Your acne 101: the 6 stages of the spot
Zits, spots, pimples... call them what you may, acne affects most teens and a good chunk of the adult population too. This much-maligned condition causes different types of spot to appear on the face, back or chest, but just what causes acne and how does it all work?
The biology behind the blemish
Acne is a skin condition that occurs due to changes in our hormone levels, particularly at puberty and throughout your teenage years. Hormones known as androgens communicate with the glands that secrete sebum into little openings in skin called follicles.
In essence, acne is a malfunctioning of this sebaceous gland-follicle combo. Normally, sebum protects skin with a waterproof layer, but hormonal changes cause secretion to go into overdrive, making skin much oilier.
changes occur in the cells at the skin's surface as well as in the lining of the follicles. Skin's top layer becomes thicker and stickier under the influence of the very same hormones. Result?
Follicles get clogged with a sticky mixture of cells and sebum. Blackheads form, where this mixture darkens in contact with the air, or whiteheads, where it's sealed beneath the surface.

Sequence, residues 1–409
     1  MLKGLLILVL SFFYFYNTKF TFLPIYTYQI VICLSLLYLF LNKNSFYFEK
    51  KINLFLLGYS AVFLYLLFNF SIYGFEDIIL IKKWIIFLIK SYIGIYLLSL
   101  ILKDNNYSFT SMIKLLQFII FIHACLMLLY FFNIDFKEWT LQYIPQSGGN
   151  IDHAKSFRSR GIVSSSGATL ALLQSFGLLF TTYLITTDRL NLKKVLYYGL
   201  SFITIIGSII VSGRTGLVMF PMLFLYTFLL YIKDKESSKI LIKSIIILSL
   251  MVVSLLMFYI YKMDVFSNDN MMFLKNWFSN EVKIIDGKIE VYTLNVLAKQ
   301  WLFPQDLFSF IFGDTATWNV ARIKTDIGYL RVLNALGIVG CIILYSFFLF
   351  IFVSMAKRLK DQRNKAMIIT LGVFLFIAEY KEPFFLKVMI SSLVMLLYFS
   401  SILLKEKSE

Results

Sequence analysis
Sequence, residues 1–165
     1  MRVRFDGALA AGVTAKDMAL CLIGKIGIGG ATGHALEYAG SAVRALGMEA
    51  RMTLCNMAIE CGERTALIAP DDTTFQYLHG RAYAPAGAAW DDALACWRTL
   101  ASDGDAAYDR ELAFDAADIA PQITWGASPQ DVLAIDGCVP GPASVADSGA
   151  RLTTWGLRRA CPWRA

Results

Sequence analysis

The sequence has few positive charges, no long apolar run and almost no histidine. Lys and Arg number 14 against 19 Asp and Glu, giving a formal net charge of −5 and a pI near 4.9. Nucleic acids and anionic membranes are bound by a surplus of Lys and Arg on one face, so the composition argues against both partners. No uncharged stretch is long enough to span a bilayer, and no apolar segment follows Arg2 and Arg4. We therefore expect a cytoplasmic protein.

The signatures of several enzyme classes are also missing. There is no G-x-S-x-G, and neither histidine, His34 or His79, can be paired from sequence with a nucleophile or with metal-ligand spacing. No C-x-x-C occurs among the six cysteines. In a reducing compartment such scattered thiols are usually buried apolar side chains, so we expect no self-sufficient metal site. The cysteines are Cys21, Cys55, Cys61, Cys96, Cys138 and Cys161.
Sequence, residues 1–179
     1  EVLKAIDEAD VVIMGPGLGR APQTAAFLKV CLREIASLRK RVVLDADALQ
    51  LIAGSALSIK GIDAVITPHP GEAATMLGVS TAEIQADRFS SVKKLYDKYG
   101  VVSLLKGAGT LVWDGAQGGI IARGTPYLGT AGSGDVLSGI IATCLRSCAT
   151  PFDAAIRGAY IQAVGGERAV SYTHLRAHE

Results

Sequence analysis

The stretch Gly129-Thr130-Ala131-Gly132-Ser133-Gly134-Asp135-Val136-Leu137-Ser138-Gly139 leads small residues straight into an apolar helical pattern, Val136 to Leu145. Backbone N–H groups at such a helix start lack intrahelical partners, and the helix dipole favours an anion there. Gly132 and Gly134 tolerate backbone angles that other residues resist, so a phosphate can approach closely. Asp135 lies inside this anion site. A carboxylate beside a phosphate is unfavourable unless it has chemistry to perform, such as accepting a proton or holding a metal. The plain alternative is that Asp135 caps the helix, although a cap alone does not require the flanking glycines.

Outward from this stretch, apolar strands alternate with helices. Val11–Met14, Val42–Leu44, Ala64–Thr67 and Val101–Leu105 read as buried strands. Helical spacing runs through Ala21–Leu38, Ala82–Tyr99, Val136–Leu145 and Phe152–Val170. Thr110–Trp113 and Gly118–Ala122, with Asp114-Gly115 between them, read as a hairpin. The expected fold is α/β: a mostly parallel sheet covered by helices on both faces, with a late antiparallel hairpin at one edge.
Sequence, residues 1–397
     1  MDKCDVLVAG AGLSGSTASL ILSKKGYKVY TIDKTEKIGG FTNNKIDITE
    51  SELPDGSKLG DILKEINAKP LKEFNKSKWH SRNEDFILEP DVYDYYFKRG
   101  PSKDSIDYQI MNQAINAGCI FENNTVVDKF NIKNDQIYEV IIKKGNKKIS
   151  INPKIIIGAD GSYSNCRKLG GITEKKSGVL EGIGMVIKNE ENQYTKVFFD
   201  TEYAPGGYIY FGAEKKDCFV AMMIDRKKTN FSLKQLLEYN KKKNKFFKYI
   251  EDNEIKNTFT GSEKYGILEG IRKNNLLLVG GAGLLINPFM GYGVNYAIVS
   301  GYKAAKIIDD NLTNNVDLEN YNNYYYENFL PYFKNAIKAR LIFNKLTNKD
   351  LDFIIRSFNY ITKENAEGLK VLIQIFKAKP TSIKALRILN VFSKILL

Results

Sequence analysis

Ready for step 4?
This is where a pesky bacterium called P.Acnes gets involved. It multiplies in airless environments like blocked pores and causes inflammation. The consequences: raised red spots, pustules or even deeper, hard lesions called nodules and cysts.
is the clean-up operation. Mega waste-disposal cells called macrophages move in, eliminating the damaged tissues and stimulating skin to finally start repairing the damage. This takes days to weeks, depending on the severity.
is special. This is where you regain control. With the right treatment, you can short-circuit any one of the above stages. Don't go it alone: seek professional advice from your pharmacist or doctor.
Except where specifically referenced, the content in the above article is provided for your information only. It is not intended as advice and you should not rely upon it as you would advice. You should use your own judgement regarding health information and seek independent advice prior to making any decisions.